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(2018) Bisphenol-A and Nonylphenol Induce Apoptosis in Reproductive Tract Cancer Cell Lines by the Activation of ADAM17. International journal of molecular sciences;Int J Mol Sci;2018 Jul;19(8):

Endocrine-disruptor chemicals (EDCs), such as Bisphenol A (BPA) and nonylphenol (NP), have been widely studied due to their negative effects on human and wildlife reproduction. Exposure to BPA or NP is related to cell death, hormonal deregulation, and cancer onset. Our previous studies showed that both compounds induce A Disintegrin And Metalloprotease 17 (ADAM17) activation. Here, we show that BPA and NP induce apoptosis in prostate and ovary cancer cell lines, in a process dependent on ADAM17 activation. ADAM17 knockdown completely prevented apoptosis as well as the shedding of ADAM17 substrates. Both compounds were found to induce an increase in intracellular calcium (Ca < sup > 2+ < /sup >) only in Ca < sup > 2+ < /sup > -containing medium, with the NP-treated cells response being more robust than those treated with BPA. Additionally, using a phosphorylated protein microarray, we found that both compounds stimulate common intracellular pathways related to cell growth, differentiation, survival, and apoptosis. These results suggest that BPA and NP could induce apoptosis through ADAM17 by activating different intracellular signaling pathways that may converge in different cellular responses, one of which is apoptosis. These results confirm the capacity of these compounds to induce cell apoptosis in cancer cell lines and uncover ADAM17 as a key regulator of this process in response to EDCs.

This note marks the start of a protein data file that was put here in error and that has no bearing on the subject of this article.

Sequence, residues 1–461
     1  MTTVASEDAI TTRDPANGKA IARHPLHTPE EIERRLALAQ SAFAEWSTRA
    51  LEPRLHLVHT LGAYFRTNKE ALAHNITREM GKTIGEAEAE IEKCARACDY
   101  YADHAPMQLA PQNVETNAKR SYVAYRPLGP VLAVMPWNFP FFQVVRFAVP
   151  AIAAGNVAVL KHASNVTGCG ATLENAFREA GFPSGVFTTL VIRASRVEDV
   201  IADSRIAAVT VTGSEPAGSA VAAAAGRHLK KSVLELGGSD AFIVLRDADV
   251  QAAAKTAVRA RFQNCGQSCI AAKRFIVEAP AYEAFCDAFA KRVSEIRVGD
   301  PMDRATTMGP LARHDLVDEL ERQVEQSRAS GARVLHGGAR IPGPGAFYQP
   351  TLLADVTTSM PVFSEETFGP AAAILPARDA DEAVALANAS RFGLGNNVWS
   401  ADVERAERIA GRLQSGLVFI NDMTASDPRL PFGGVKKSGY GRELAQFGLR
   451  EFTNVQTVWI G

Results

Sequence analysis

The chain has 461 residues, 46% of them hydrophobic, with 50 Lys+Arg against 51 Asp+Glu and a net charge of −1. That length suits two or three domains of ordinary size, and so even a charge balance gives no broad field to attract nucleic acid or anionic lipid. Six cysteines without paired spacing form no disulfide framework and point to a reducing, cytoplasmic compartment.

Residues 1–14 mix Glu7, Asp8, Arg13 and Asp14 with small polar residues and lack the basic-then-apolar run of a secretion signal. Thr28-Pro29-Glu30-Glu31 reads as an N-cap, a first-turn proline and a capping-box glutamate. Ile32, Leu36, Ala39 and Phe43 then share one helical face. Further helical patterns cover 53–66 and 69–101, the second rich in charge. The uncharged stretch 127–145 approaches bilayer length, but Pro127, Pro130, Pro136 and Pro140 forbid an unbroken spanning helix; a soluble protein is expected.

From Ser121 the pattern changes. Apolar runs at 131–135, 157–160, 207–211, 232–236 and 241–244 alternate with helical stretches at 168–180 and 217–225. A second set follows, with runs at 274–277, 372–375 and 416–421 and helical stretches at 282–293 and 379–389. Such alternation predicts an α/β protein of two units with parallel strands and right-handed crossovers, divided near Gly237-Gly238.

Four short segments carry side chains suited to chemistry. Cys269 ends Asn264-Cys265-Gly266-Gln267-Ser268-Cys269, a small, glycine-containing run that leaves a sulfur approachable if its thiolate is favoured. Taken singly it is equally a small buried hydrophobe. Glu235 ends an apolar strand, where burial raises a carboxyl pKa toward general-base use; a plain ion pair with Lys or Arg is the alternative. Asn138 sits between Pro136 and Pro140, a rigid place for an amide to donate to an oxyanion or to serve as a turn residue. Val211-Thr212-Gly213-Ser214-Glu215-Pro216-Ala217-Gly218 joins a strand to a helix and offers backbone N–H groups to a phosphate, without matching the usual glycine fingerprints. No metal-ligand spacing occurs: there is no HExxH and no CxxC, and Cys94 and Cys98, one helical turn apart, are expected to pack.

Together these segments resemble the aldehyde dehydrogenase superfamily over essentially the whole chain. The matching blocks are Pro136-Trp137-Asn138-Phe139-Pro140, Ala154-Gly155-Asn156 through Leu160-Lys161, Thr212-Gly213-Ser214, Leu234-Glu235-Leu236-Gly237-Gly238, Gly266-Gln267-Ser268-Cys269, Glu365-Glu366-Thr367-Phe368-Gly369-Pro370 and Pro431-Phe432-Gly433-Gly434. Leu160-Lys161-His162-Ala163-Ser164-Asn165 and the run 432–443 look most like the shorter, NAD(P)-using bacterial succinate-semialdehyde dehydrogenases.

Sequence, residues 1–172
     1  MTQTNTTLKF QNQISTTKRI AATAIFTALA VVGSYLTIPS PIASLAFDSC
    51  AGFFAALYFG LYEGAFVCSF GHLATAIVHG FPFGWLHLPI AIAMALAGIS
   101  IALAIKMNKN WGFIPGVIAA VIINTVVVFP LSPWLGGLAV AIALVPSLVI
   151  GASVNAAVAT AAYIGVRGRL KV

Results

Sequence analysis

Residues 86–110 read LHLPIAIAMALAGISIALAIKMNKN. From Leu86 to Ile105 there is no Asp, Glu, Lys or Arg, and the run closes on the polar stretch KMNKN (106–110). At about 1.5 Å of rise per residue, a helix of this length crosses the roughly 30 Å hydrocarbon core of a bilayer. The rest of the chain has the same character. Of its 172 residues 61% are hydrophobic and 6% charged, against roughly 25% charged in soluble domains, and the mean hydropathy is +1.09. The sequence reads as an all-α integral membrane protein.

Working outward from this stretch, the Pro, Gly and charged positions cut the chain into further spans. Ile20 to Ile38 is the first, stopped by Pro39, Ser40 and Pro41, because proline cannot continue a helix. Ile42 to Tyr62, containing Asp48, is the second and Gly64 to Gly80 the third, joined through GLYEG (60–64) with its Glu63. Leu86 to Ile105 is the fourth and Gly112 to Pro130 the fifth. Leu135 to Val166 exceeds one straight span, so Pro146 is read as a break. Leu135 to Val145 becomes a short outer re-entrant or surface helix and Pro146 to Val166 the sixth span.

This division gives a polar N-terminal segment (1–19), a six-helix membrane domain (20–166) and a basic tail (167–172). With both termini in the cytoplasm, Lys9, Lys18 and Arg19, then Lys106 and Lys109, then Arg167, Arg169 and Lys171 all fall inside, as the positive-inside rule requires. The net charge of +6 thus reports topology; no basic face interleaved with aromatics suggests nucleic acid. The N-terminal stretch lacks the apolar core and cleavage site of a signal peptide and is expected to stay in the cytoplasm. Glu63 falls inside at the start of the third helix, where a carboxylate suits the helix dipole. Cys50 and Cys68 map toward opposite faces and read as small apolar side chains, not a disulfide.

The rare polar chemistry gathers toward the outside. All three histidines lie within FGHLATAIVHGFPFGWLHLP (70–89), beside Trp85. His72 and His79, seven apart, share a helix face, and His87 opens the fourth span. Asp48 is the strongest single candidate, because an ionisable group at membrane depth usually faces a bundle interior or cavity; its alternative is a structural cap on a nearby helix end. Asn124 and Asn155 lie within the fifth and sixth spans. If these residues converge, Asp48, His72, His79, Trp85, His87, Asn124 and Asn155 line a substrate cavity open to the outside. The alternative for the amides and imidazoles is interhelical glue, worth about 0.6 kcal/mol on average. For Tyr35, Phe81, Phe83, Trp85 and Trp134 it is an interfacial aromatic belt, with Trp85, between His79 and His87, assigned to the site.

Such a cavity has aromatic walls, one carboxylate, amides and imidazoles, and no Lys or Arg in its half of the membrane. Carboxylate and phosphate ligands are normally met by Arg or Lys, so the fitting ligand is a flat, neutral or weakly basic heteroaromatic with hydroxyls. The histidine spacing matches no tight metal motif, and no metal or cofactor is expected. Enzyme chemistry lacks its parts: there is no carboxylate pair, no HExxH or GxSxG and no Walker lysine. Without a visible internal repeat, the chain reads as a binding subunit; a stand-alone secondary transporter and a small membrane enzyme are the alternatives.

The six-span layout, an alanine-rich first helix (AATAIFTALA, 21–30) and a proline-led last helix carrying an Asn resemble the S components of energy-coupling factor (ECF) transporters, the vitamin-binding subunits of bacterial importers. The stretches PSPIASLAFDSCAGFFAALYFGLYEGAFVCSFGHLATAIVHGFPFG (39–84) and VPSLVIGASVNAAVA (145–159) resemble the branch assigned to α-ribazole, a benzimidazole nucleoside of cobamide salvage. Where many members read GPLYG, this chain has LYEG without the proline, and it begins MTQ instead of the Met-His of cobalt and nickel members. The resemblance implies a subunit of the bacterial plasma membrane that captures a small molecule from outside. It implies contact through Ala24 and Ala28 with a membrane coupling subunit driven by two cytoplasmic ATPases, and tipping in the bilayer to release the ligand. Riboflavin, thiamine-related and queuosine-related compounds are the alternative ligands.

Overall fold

MEDLINE 30065191 : Bisphenol-A and Nonylphenol Induce Apoptosis in Reproductive Tract Cancer Cell Lines by the Activation of ADAM17.
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This project is supported by the Canadian Institutes of Health Research (award #111062), Alberta Innovates - Health Solutions, and by The Metabolomics Innovation Centre (TMIC), a nationally-funded research and core facility that supports a wide range of cutting-edge metabolomic studies. TMIC is funded by Genome Alberta, Genome British Columbia, and Genome Canada, a not-for-profit organization that is leading Canada's national genomics strategy with $900 million in funding from the federal government.